There are a lot of mixed feelings towards George Lucas these days after three poor prequels and the ill-judged efforts at a ‘special edition’, among other things. It’s trendy to hate him.
Personally, I don’t. I feel sorry for him.
This is all speculation, but the way I see it, Lucas created something great, the kind of work that any writer dreams of creating: something that millions upon millions of people adored and that became a fixture of the cultural landscape. Only, his creation grew beyond his talent. A lot of what people loved most came from other people working off of his original ideas (Leigh Brackett, Lawrence Kasden, Irvin Kershner, etc). Later, with the Expanded Universe, he saw audiences eating up completely new stories set in his world, but which he had had little or nothing to do with.
Then when he tried to add to it, with the prequels and the special editions and such, the same people who’d been so excited about the EU and so on hated them. I saw a footage once of the first full-screening of The Phantom Menace for the principle filmmakers, and no one seems very excited about it. Lucas himself sounds anxiously disappointed, like he knows it wasn’t what he intended it to be.
This great, brilliant, personal masterpiece…and seemingly everyone else who touched it was making more of it than he could. Star Wars was his world, and here other people were doing his world better and getting praise and adulation for things he never would have done or thought of. Again, the work had grown beyond his talent. I imagine it must have been like a teacher when his student starts to contradict and correct him, only more personal.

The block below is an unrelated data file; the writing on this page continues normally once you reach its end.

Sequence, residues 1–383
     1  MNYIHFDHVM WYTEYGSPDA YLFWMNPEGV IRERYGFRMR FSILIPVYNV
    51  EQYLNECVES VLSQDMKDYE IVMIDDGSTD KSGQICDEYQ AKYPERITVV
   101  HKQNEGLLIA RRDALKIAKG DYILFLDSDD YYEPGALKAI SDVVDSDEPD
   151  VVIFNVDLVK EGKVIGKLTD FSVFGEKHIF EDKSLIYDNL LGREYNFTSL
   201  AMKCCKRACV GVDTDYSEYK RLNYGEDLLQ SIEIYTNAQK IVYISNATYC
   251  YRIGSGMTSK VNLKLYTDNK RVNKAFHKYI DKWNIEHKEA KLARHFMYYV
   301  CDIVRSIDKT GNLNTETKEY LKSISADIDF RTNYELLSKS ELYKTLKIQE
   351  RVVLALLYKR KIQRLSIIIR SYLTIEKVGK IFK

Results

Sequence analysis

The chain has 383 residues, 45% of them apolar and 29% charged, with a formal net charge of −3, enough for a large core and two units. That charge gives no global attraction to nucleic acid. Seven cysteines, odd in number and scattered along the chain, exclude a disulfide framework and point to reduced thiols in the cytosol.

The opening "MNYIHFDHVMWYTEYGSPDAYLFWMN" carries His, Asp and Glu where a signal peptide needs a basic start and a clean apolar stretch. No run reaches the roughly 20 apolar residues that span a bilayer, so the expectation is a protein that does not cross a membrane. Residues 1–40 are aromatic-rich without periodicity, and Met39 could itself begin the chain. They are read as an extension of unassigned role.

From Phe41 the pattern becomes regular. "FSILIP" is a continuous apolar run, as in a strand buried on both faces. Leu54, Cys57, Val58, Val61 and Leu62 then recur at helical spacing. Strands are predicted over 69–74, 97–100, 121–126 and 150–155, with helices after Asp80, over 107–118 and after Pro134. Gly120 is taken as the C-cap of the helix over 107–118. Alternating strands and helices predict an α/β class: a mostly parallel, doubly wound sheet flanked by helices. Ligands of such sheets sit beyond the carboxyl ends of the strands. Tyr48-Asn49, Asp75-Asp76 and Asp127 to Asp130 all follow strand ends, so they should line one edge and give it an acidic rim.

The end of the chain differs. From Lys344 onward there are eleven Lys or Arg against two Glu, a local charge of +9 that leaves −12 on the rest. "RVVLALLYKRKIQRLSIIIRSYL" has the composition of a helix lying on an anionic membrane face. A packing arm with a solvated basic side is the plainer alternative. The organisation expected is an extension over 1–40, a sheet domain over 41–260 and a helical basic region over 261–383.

In a word, the whole experience must hurt him badly. What must it be like to know that you made one of the great works of modern fiction, but that audiences don’t want you involved in it?
His was certainly the wrong reaction, by clumsily annotating the originals and trying to seize full control back when he clearly lacked the ability to handle it. But pity is not reserved only for those who have never done wrong. Let us all pray that we never find ourselves in such a position, or that if we do, we at least take a lesson from his example and strive to avoid his mistakes.
3 thoughts on “Sympathy for George Lucas”
*Was* “Star Wars” an especially personal masterpiece, though? I mean, it’s basically a Flash Gordon pastiche stretched over a stolen Kurosawa plot, with a genre-appropriate dollop of the supernatural thrown in for gravitas. I don’t say this in disparagement, you understand; there’s no rule that says a cinematic masterpiece can’t be just that (and, if there were, we would have to revise it to account for this film). But to treat it as the product of some quirky, heartfelt world-building process is surely absurd; I doubt any other great movie has ever had “product of the Dream Factory” stamped on it so unmistakably.